Remember that plastic made from fruit? Scratch that. A team of researchers at the University of Florida might well be on their way to cutting our dependence on valuable natural resources to create plastic. Instead of using food carbohydrates or petroleum, new plastics can be made with discarded plant wastes. Yes, that's leaves, grass and petals.
The research lead by microbiology and cell science professors Keelnatham Shanmugam and Lonnie Ingram calls for a "switch from food-based carbohydrates to non-food-based carbohydrates for producing plastics." Using a bacterium called Bacillus coagulans strain 36D1 collected from a geyser in Calistoga, California and adding a smidge of calcium carbonate to the process, they discovered that the yard waste was capable of creating lactic acid yields equal to those created by fermented food carbohydrates.
What this means is that instead of using corn or sugar to create biodegradable plastic, the junk in our backyards can be used resulting in extremely inexpensive plastic that's just as strong and green. Why build cars out of fruit-based plastic when we can build it from crap we can find in everybody's backyard? The researchers estimate "using straw as a raw material is 13 times less expensive than sugar and five times less expensive than corn or wheat."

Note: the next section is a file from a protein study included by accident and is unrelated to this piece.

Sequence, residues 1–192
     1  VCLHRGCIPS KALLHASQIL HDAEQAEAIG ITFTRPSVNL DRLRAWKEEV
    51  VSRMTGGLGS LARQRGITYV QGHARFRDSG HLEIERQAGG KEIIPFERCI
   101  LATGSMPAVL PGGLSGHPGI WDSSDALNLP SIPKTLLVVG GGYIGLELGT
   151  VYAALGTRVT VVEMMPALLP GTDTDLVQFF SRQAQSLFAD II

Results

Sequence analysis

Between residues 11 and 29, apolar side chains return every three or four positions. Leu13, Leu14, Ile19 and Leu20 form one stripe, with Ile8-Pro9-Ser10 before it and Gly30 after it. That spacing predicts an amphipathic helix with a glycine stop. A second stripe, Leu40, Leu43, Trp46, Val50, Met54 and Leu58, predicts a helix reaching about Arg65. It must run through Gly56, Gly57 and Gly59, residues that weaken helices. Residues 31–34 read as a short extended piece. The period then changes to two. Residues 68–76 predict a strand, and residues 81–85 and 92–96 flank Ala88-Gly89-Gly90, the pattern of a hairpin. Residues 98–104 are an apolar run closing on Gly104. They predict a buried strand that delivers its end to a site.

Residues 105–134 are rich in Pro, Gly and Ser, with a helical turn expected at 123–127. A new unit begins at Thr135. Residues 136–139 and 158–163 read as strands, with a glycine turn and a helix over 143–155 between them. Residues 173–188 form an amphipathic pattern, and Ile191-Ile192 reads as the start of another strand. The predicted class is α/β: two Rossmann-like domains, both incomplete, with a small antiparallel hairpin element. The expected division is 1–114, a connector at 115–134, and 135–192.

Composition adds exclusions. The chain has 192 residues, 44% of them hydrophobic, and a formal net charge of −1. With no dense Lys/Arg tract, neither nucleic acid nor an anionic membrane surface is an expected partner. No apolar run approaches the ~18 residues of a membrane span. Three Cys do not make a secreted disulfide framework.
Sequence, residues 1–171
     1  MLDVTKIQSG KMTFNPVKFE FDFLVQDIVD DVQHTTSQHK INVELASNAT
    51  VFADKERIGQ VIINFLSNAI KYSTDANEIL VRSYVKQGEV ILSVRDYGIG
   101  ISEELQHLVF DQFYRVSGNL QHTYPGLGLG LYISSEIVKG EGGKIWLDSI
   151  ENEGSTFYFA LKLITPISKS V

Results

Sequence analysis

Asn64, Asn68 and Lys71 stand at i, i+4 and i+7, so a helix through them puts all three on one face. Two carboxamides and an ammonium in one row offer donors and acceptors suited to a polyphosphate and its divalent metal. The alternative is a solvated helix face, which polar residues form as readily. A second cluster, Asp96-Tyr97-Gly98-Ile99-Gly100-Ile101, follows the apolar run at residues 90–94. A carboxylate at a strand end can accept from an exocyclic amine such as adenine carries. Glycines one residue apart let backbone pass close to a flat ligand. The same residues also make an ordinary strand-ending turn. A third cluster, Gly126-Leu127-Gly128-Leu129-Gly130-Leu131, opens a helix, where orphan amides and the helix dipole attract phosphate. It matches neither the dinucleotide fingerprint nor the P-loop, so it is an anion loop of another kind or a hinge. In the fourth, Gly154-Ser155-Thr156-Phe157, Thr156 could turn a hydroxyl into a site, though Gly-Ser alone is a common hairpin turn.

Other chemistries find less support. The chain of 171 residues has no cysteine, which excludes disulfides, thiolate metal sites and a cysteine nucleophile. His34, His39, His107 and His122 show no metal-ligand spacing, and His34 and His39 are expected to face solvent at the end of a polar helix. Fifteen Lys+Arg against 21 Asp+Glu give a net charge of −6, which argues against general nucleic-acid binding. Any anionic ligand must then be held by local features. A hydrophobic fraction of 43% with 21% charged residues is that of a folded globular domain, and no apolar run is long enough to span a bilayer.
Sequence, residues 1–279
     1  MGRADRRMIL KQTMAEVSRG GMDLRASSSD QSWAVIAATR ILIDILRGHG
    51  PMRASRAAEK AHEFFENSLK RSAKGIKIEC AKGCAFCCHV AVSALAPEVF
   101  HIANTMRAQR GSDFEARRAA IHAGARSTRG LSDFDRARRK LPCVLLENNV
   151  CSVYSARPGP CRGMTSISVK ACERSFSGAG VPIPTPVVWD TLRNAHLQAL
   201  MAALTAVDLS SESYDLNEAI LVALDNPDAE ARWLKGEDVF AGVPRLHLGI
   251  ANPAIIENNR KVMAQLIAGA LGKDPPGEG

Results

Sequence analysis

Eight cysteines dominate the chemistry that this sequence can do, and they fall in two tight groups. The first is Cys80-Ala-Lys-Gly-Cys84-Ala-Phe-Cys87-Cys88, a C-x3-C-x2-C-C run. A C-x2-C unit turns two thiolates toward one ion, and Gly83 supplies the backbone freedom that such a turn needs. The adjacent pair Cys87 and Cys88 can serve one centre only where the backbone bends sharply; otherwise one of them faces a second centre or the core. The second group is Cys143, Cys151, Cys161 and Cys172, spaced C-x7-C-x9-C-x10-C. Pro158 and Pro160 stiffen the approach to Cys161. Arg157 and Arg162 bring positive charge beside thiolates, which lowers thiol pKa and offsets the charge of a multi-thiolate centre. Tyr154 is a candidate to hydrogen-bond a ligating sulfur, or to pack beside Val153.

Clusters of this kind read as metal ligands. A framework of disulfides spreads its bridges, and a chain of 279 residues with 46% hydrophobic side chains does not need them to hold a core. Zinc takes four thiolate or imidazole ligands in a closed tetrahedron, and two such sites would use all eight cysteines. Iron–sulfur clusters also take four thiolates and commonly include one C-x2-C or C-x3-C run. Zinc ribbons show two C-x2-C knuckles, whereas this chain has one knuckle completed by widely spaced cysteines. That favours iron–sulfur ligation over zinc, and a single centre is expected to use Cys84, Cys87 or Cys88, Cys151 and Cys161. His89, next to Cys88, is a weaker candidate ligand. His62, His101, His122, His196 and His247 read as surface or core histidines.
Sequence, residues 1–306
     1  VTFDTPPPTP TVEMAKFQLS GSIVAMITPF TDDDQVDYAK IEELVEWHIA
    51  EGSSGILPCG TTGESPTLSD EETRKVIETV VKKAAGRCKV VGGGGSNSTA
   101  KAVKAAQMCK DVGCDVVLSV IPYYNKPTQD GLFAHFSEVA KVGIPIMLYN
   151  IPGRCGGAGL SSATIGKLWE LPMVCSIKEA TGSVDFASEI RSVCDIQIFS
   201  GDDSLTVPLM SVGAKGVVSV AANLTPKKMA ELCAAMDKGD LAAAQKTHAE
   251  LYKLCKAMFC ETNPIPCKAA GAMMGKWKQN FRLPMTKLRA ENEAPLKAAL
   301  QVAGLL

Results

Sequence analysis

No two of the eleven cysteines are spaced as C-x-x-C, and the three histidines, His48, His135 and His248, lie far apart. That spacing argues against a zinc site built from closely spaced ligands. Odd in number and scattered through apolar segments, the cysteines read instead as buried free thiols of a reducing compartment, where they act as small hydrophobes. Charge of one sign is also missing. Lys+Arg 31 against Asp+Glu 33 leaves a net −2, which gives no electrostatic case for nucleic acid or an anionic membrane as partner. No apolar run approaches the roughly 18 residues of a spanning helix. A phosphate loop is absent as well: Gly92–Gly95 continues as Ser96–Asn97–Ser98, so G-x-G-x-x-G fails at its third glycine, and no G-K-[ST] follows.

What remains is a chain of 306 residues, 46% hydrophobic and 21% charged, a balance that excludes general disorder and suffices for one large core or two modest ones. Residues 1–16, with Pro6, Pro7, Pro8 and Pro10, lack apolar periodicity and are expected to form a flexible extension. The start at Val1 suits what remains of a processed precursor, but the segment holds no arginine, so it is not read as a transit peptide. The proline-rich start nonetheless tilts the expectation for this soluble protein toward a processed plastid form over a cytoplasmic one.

Talk about savings! University of Florida biological scientist Mark Ou hopes that this new method of creating bioplastics will reduce the U.S.'s dependence on foreign oil. Aside from cars, I want to know when we can start making our own plastics in our own yards, with our own weeds so we can stop buying plastic storage containers from The Container Store altogether. That stuff is expensive.